Isn't the last characteristic of RAM(no speed difference between accessing different areas of the memory) technically not possible
Wikipedia says "almost same amount of time irrespective of the physical location of data inside the memory". And then
Even within a hierarchy level such as DRAM, the specific row, column, bank, rank, channel, or interleave organization of the components make the access time variable, although not to the extent that rotating storage media or a tape is variable.
And to stick with DRAM as example
DRAM bank latency
- Simple CAS if row is “open” OR
- RAS + CAS if array precharged OR
- PRE + RAS + CAS (worst case)
The speed differences are going to be less significant in a SRAM, which lacks this more complicated access model that DRAM has.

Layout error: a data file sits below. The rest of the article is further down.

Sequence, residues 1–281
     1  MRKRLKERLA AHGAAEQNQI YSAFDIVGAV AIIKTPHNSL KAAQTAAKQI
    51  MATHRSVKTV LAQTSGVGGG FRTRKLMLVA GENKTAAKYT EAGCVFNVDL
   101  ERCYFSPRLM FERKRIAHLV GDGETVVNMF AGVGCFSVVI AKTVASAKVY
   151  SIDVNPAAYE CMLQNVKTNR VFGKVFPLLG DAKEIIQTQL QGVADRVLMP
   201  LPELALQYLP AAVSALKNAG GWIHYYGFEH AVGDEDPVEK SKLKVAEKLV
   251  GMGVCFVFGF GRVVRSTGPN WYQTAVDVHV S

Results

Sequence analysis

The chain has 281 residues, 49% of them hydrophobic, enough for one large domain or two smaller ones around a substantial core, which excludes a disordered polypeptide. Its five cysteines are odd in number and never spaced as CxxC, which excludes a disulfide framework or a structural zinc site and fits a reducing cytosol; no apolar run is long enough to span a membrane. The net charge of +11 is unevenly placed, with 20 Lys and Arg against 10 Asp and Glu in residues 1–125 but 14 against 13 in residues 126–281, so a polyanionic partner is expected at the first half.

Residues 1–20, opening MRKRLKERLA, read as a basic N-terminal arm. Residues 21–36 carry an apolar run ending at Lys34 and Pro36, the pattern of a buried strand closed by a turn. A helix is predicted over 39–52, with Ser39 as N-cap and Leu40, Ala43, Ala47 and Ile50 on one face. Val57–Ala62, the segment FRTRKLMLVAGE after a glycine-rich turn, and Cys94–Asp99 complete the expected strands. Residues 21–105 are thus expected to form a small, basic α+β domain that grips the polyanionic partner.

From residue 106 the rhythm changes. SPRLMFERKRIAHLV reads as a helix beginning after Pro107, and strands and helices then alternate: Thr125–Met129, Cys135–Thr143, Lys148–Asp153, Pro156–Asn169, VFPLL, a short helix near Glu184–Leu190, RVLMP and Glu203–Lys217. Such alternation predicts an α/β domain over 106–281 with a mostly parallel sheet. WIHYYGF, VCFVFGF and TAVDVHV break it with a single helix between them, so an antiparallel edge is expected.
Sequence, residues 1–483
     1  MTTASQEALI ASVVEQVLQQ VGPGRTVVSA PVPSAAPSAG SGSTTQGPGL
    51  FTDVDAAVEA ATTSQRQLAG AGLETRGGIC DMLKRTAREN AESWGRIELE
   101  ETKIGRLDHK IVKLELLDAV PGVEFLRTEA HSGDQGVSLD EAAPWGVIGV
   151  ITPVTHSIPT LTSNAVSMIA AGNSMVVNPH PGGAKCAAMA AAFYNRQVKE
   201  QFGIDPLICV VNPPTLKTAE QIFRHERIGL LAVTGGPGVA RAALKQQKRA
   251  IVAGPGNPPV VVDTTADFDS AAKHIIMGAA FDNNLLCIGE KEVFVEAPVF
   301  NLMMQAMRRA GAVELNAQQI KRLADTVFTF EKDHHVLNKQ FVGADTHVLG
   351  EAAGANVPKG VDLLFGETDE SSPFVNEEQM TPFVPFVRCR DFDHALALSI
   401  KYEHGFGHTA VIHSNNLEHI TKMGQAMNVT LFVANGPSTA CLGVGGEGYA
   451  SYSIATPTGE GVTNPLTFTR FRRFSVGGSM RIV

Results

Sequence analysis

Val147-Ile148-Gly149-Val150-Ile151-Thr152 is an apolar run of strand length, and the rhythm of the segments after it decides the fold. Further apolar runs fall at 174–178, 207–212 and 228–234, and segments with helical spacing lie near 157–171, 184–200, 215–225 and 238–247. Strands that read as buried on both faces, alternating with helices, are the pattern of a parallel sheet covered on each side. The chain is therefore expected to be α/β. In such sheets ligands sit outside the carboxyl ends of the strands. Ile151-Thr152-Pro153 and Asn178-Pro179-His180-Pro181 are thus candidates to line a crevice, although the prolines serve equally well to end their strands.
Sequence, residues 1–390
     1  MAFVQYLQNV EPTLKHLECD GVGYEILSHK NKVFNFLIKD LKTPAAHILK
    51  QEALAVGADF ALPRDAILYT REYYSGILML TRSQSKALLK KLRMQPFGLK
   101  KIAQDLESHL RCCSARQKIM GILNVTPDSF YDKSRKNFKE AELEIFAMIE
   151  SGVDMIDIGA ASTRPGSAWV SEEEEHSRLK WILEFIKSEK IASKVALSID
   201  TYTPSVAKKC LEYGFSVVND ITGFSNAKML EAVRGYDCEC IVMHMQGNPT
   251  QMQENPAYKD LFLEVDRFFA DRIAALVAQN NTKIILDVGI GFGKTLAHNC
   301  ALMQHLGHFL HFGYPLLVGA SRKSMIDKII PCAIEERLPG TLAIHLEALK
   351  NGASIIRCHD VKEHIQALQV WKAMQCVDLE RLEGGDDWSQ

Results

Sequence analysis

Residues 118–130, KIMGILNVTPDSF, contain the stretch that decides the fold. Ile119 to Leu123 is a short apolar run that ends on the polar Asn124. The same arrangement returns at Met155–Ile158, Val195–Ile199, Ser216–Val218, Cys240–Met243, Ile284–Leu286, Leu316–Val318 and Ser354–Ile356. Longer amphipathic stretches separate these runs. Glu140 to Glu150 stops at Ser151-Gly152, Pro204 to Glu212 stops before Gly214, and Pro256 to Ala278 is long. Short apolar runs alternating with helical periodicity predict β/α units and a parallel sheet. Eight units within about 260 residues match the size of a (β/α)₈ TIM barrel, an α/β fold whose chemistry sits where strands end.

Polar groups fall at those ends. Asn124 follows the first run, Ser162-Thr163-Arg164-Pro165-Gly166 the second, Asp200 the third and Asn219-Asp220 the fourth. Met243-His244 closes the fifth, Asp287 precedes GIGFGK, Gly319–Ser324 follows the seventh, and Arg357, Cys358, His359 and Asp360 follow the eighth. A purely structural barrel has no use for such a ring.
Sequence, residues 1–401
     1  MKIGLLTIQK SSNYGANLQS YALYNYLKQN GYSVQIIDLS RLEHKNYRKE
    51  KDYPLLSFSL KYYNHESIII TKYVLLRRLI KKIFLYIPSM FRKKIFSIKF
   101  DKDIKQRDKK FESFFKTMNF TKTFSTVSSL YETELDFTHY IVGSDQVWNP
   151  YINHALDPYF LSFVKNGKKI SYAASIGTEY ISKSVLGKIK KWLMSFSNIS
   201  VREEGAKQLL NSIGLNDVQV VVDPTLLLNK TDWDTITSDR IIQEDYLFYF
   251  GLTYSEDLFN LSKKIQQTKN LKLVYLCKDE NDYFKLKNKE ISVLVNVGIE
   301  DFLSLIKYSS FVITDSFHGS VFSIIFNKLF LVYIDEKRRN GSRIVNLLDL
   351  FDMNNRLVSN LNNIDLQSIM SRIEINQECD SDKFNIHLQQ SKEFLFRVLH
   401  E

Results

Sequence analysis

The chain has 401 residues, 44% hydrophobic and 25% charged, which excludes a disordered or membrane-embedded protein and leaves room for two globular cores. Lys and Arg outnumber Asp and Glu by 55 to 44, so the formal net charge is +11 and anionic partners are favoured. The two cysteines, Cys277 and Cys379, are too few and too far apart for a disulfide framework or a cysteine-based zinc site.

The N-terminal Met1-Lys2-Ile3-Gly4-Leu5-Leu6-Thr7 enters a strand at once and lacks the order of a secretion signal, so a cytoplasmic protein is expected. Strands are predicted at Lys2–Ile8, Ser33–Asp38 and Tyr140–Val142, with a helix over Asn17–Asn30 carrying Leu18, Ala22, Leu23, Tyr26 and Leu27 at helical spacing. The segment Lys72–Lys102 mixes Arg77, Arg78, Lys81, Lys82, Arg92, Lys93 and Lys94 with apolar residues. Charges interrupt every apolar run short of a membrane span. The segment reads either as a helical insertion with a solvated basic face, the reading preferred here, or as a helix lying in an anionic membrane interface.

Here's a latency (=speed) comparison in an actual (albeit fairly old) system:
There's almost no discernible latency (=speed) variation for SRAM, but there's a lot more for DRAM. The sudden vertical you see is when the SRAM (bandwidth) saturates.
And you do have intra-die latency variations between cells even for SRAM; the following graph is for a [simulated] 45nm process. SECDEC ECC can be used to mask away the speed of the slowest cells; otherwise these would determine the (speed/latency) performance of the entire chip as the lowest common denominator.
And, yeah, even from a purely geometric/layout perspective, ignoring process variations, you'd have some speed difference between SRAM cells. That thesis says that in simulation [of 64Kb SRAM in 65nm process] the speed difference between the slowest (farthest) and fastest (closest) cell is between 5% and 15% based on layout alone.
Not that any of this is reason not to call it RAM anymore.